1. The communion of the saints

The people celebrated in the church calendar are found in the Bible and church history: all of them are part of the “great cloud of witnesses” to which we also belong.

Some feast days celebrate people like John the Baptist, the twelve apostles, and Mary the mother of Jesus. (She actually has more than ten days per year dedicated to her!) Others honor martyrs and other public figures throughout church history.

2. Remembering the faithful is an ancient tradition

Long before the church split into separate denominations, theologians and pastors were extolling the courage and faithfulness of common people who had valiantly given their lives to Christ. Some of them gave their lives for Christ, as martyrs. As their stories became known and verified, the tale of their faith would be told on the anniversary of their martyrdom. 

For Christians living in a pagan culture, constantly enduring suspicion, skepticism, oppression, or persecution, stories of valor, faith, and love inspired them to endure. Those lives became metaphorical “rock piles”—memorials of God’s faithfulness in the past to encourage those in the present.

Remembering through story

The great Augustine himself understood the value of telling and retelling the stories of the martyrs and saints:

Now this kind of festival of all the glorious martyrs has been instituted in the Church so that those who didn’t see them suffering may be led by faith to imitate them, and may be reminded of them by the festival. It’s probable, you see, that what wasn’t repeated by an annual commemoration would escape people’s minds altogether.2

Martyrs in particular were revered by the early church. Those who sacrificed their lives for the gospel, they felt, had proven their loyalty to Christ beyond doubt. “You know the place in the Mass where the martyrs’ names are recited?” Augustine asked, rhetorically. “The Church doesn’t pray for them. Yes, the Church is quite right to pray for the other departed who have fallen asleep; but for the martyrs, it does not pray, but instead commends itself to their prayers.”3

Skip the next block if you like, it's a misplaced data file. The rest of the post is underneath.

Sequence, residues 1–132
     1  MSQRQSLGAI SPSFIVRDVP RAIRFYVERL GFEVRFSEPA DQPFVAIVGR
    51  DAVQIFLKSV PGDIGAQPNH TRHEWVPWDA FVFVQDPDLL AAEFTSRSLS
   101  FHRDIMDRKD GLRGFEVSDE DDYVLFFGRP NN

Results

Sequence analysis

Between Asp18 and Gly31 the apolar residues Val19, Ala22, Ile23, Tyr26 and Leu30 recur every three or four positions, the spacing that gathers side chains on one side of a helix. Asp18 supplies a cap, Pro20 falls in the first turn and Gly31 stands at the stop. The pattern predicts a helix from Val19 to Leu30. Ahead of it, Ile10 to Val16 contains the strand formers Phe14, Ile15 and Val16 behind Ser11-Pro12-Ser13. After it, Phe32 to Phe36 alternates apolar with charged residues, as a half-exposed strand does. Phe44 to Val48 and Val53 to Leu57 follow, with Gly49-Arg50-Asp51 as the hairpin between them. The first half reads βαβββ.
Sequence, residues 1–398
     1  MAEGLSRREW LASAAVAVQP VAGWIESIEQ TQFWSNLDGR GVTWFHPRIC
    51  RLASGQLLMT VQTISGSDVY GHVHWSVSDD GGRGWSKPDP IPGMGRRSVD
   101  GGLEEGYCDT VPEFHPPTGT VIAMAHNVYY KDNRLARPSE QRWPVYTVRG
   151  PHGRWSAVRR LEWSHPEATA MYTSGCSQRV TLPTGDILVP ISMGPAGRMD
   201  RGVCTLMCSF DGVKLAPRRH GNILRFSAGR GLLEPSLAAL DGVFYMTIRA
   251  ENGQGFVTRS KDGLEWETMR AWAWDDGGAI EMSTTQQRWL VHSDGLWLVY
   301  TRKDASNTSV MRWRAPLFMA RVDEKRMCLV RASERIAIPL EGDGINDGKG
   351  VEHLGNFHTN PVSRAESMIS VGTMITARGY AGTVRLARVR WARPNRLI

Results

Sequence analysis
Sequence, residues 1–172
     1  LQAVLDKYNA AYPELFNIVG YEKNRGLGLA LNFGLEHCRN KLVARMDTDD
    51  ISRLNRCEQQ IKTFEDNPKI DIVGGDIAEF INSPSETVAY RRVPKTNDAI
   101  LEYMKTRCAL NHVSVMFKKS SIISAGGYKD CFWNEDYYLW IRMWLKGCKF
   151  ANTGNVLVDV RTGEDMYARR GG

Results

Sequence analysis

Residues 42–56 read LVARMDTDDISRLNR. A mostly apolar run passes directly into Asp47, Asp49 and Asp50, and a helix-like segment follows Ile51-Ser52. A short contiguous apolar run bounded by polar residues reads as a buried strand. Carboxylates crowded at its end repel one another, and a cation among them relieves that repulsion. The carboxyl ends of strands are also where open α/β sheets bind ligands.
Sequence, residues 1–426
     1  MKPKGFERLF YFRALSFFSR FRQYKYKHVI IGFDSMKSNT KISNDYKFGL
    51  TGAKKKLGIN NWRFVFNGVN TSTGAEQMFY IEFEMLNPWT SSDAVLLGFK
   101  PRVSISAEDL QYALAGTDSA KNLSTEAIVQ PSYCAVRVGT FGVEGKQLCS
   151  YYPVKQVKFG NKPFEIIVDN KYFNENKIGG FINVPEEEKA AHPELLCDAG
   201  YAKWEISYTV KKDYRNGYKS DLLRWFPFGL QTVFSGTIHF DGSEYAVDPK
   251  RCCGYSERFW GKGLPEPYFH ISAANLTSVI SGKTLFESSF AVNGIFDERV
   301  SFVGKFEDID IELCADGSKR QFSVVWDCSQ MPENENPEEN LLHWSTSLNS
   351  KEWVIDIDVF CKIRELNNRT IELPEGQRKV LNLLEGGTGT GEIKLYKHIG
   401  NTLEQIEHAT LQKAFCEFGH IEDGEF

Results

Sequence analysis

My recent studies have immersed me in the earliest centuries of Christianity, teaching me about dozens of church fathers and mothers. Countless cathedral walls and ceilings bear the images that tell their stories. Thousands of pages have been written of them. And tucked into Augustine’s sermons, we hear of the faith and courage that turned everyday believers into extraordinary role models.


Augustine preached on January 22 on Vincent, a deacon of Saragossa, Spain, who was martyred in Valencia, AD 303, in the persecution launched by the Roman emperor Diocletian. Vincent was tortured by fire; his body was then dumped into the sea weighted down by a large stone. But his body miraculously washed up to shore, and fellow believers retrieved it for cleaning and veneration. Augustine saw this as God’s special care for his beloved’s human flesh until the resurrection would come.

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Perpetua and Felicity

Mosaic images of Perpetua and Felicitas, in the St. Andrew Chapel and Archepiscopal Museum. Permission from Visual Museum of Women in Christianity.
Mosaic images of Perpetua and Felicitas, in the St. Andrew Chapel and Archepiscopal Museum. Permission from Visual Museum of Women in Christianity.

Perpetua, a twenty-two-year-old woman from a wealthy family in Carthage, became a Christian and refused to recant even while still nursing her young son. She and her slave, Felicity, eight months pregnant, were arrested and sentenced to the arena.

Felicity desperately wanted to be with her fellow Christians when she died, but pregnant women were not allowed to be executed because their unborn children belonged to the fathers. Her companions prayed she would give birth early, and when the baby arrived at eight months, they considered it God’s intervention. Together, the women faced the terrors of the arena.

Their story is found in Perpetua’s diary, which was published with an appendix telling of their martyrdom on March 7, 203. The women were revered in the early centuries for their unusual courage and faith. Around two hundred years after their deaths, Augustine lifted them up to the church as examples to follow:

What, after all, could be more glorious than these women, whom men can more easily admire than imitate? 

So the dragon was trampled on by the blessed Perpetua’s chaste foot and victorious tread, when the ladder by which she would go to God was set up and revealed. Thus the head of the ancient serpent, which had been the ruin of woman as she fell, was made into a step for woman as she ascended. 

They have gone ahead of us, they tower over us like giants. If we are not capable of following them in action, let us follow in affection; if not in glory, then certainly in joy and gladness; if not in merit, then in desire; if not in suffering, then in fellow feeling; if not in excellence, then in our close relationship with them.4